19 Part One - Boot Camp (Commodore 64)
There can't have been many video games made that were based on music. I remember there was a Blade Runner game on the Commodore 64 that was based on the soundtrack rather than the game... that was a weird idea. But at least that was a film soundtrack so technically they had something of a story to tie it in with. In the case of 19 Part One: Boot Camp, the game is based entirely on a hit single.
Oh, stop monkeying around...
With that in mind, I can't help but wonder if the game was written first, and it was then decided that it might be a good idea to attach a licence to it. Whether there's anything in that or not, 19 Part One: Boot Camp is set the era of the Vietnam war. Rather than play through the horrors of that war though, you're dumped into a Combat School-style training camp. Odd decision.
Now, I really enjoyed Combat School. In the arcades, I can't tell you how many times I got my skin caught after a particularly vigorous effort with the trackball. By Christ that hurt, and didn't half put you off your game and make your opponent crease up with laughter. The Commodore 64 version, whilst stripped of its trackball controls, used the good old waggling technique to good effect and provided a large dollop of fun.
I've got him... in my sights.
19 Part One: Boot Camp doesn't reach those heights. It's split into four events. The first is an assault course, which is most in the spirit of Combat School... except it plays horribly. You hold the joystick right to run, and then when obstacles appear, hold down the fire button then let go at the right time to pass the obstacle. It's cack, but it kind of works... until you reach the monkey bars, at which point I think you have to waggle the joystick. I couldn't get past that because I'm playing on an emulator and I'm using a D-pad... waggling ain't easy on that"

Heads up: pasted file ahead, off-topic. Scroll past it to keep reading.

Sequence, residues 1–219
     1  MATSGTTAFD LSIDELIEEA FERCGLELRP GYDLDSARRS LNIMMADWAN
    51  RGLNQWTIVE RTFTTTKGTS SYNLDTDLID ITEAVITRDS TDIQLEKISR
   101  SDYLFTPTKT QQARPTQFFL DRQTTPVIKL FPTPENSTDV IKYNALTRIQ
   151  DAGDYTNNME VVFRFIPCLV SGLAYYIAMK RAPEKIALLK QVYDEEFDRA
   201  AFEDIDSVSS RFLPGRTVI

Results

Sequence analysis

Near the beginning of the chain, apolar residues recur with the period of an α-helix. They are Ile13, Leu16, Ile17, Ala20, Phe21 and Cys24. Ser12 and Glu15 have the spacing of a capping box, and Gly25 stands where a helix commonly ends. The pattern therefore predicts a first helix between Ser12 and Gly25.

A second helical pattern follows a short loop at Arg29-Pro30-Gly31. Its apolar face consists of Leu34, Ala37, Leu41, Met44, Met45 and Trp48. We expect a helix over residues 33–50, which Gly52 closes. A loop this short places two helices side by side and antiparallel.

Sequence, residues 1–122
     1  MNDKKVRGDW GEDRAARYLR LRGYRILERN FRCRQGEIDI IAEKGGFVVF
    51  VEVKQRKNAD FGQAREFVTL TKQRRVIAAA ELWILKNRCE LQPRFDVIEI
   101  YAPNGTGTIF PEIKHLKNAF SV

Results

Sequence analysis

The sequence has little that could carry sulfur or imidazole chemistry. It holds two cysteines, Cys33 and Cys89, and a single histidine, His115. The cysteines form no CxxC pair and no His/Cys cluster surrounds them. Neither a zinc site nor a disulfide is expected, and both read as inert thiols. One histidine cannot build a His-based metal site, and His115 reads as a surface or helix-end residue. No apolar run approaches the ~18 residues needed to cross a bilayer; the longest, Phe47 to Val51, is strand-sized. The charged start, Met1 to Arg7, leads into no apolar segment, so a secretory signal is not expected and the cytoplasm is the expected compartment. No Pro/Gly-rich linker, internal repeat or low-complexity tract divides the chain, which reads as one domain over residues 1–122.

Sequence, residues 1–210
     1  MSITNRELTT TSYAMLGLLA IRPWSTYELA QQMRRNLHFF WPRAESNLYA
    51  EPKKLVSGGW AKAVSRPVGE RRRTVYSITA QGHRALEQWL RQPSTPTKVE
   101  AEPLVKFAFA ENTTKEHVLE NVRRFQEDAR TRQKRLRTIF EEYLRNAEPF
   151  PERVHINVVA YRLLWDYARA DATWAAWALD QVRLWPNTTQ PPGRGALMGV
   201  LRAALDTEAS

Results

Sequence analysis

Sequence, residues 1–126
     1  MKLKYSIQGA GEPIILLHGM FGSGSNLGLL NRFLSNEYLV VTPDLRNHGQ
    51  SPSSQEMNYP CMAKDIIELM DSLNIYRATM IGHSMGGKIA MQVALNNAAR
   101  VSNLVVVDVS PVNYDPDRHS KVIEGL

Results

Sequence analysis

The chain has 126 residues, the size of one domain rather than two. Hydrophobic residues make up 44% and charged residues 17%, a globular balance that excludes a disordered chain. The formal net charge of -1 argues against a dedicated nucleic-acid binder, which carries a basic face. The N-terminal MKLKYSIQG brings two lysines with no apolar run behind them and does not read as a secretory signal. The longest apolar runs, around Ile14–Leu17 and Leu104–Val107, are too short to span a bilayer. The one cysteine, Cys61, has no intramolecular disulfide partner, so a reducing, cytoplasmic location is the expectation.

After that is a weird target shooting stage. Your gun stays in the middle of the screen, with the zoomed-in scope section visible. The shooting area scrolls around in the scope sight, but it feels wrong because the gun itself never moves. Don't like it. Following that is a jeep training course, where you drive a jeep down an obstacle-littered Buggy Boy-style course. It's not too bad... as long as you don't try and go fast. Finally, you get to take out your frustrations on your drill instructor in a one-on-one fight. It's no International Karate, that's for sure.
On the road again... I just can't wait to get on the road again...
Generally speaking, I like games that try and add a bit of variety. Unfortunately, in the case of 19 Part One: Boot Camp, none of the parts is any good. There was supposed to be a 19 Part Two, in which you'd take your player and the skills he'd learned into battle, but that never made it to the market. It's probably just as well, given how lacklustre this game turned out. It's not something I'll be playing again.